Deploying in the F-4 to Taegu, and having the trim motor fail halfway between Santa Barbara and Hickam. Most of the fuel in the F-4 was loaded longitudinally, and the trim motor failed prior to fillup, so subsequent tanking left the bird very nose heavy. Autopilot couldn't handle it. Two right arms got very sore, Rendezvoused with the tankers out of Hickam and one was a KC-10. They put me on that one, and yes it is big. The boom flight controls were big enough that they could relieve alot of the control pressure, So I stayed in the contact position for most of the rest of the way. That took care of any of MY residual refueling jitters.

    Again, Sarge, another fine fly by. Keep up the good work. Another Ice storm last night, so we're on a 2 hour delay for work. Love this global warming/Maunder Minimum.

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    1. Great stories Juvat. You should expand some of those great stories and post them, ya know, somewhere.

      More ice? So will I be able to see polar bears if I visit Texas?

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    2. Just went out and checked on the horses, busted up the ice on the trough and pulled 1 inch thick chunks out. Dopey horses wouldn't go in to the barn, so they've got a bit of sleet coating. All that said, they will be about as close to a polar bear as you're going to see.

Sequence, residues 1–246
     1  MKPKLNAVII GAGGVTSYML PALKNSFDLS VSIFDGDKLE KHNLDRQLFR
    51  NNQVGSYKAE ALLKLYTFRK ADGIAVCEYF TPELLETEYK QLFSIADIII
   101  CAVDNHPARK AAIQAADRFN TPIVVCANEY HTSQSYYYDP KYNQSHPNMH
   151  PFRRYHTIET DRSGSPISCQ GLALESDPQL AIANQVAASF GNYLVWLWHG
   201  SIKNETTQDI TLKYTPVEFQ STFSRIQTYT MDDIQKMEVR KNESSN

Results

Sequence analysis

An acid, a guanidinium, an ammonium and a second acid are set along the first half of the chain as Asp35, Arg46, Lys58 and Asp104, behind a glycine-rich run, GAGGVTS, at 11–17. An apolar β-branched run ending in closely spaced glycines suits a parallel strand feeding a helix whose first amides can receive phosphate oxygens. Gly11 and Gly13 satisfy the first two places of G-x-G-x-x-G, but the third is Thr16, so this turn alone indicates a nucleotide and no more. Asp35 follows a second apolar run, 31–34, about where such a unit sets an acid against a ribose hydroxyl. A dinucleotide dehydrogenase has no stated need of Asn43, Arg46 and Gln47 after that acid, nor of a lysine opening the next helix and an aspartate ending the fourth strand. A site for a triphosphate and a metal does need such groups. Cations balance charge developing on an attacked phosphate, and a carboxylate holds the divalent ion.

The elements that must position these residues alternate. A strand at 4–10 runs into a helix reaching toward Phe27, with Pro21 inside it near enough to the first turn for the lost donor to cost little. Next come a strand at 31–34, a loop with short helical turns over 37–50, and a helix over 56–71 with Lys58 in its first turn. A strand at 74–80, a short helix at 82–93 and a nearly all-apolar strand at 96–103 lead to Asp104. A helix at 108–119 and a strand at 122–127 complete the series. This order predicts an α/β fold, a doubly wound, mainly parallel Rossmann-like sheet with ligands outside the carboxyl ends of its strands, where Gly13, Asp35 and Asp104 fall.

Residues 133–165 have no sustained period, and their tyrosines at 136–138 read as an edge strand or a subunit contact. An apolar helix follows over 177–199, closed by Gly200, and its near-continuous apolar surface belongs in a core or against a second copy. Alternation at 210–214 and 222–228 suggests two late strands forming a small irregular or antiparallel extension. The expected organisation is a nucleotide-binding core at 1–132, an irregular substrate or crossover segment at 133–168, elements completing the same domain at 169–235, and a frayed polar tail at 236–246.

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    3. Heh. Horses, ya gotta love 'em.

      And OMG, that sounds pretty cold! (You aren't up in the Panhandle are you? Last time I drove through Amarillo it was colder'n Hell with about a foot of snow on the ground. Of course, that was 1987. Shortly after the last glaciation period.)

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    4. No, in the hill country, northwest of San Antonio and west of Austin. We VERY rarely get ice and so have very little infrastructure to deal with it. Sup made a good decision around 7 to call school for the day. It's in the low to mid 20s and breezy, which I realize sounds like a heat wave to some readers, but I did my time in the cold in Korea. Moved to Texas for a reason!

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    5. Low to mid 20s and "breezy" is cold. Not Arctic-cold, but cold enough.

      Korea was cold, but not as cold as where I grew up. Kinda like Little Rhody in some ways.

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  2. An amazing skill to perform midair!

    Do they need an attendant when fueling over New Jersey?

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    1. Excellent question Joe. Maybe they do the refueling out at sea, to avoid the whole need for an attendant. (Though I kinda like that, in Little Rhody you nearly always have to pump your own. No fun when the wind is coming in off the Atlantic in February!)

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  3. I always thought bein' a boom operator was prolly the best AF job available on the enlisted side. The only downside I could see was a distinct lack o' demand for that skill once you retired.

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    1. I think you're right. On both counts.

      You get to fly, great view. You get to wear the flight suit (which is a chick magnet). And you get to see a lot of really cool aircraft. And your job is important.

      But yeah. I don't know of any civilian boom operators.